I’m interested in if there’s any general answer to the question, “what is worthy of publishing in an academic journal”? Because I once read an interesting post by Terence Tao (“Does one need to be a genius to do mathematics”) with an insightful catalogue of ways that a person can contribute to a field. For example, they can prove a theorem, but also organize pre-existing results, communicate findings to a lay audience, or even structure future research in the form of a research program, such as the Minimalist Program or Hilbert’s Program.
In general, it’s often said that to publish academic work, even a dissertation, you have to “create knowledge”, although I wonder if there’s some debate as to what that qualifies as, and still if there are various subtle sub-types.
Anyway, the real question is, if someone has analyzed what qualifies as “academic research worthy of publishing”, I’m really curious if in any field there’s a known article or document type that sometimes recurs which is like an attempted plan for solving a problem.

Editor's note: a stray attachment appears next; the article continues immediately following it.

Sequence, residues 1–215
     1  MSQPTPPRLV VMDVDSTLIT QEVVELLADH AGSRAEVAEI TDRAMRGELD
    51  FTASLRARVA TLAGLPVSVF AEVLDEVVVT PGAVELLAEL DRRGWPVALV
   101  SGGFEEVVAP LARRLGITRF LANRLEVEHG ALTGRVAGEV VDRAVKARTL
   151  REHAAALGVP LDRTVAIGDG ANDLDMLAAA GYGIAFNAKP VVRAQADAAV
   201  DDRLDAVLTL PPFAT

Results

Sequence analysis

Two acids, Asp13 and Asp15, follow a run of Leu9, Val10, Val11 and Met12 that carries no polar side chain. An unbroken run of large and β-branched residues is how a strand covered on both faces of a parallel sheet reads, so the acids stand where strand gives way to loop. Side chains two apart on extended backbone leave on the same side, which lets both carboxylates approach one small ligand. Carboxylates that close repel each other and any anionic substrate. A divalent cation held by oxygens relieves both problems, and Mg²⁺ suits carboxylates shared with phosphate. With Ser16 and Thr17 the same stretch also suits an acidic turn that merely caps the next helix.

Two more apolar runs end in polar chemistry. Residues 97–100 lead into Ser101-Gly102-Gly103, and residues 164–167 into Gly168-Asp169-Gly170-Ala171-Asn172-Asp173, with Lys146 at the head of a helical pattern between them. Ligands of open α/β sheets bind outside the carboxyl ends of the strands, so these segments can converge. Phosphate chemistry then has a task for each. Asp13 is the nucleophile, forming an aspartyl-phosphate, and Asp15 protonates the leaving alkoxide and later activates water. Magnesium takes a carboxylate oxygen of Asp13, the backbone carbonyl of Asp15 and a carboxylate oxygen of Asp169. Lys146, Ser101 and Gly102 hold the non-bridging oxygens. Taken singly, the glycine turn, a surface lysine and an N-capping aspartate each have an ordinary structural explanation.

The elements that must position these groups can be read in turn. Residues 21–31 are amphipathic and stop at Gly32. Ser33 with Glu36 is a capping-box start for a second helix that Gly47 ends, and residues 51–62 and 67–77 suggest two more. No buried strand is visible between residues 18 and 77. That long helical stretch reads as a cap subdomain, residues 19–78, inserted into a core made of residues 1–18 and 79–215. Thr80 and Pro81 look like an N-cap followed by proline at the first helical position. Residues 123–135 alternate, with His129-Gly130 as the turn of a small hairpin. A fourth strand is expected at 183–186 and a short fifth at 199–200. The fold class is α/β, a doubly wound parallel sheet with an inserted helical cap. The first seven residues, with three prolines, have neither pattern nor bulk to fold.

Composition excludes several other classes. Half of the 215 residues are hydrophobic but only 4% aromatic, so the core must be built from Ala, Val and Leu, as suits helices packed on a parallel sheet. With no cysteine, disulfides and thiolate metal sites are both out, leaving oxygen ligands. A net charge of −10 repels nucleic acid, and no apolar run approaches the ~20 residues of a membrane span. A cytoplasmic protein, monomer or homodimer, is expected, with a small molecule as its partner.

For example, any political issue such as climate change. I once saw a research review article which only briefly mentioned at the end in a few sentences some suggested topics or questions that the author recommended guide research in the near future. Much research is retrospective, and descriptive, in a way. You are only collecting or documenting, and analyzing, something you did. (This is already getting at the list I would like of various knowledge-creating “actions” which apparently make the grade for publication: description - analysis - explanation - prediction - discovery - etc.) But I’ve never seen an academic journal say, “according to this scrupulous analysis by this expert, here is a highly elaborate analysis of the factors behind why we cannot reduce carbon emissions. These political aspects, these technological aspects, etc are what is currently obstructing this goal.” And then outlining an actual plan, from an expert, about how they think a goal could be achieved.
In other words, I don’t see why a plan would be any less a legitimate academic document type than other common ones.
So which field sometimes publishes texts that are something like “plans”?
Thanks very much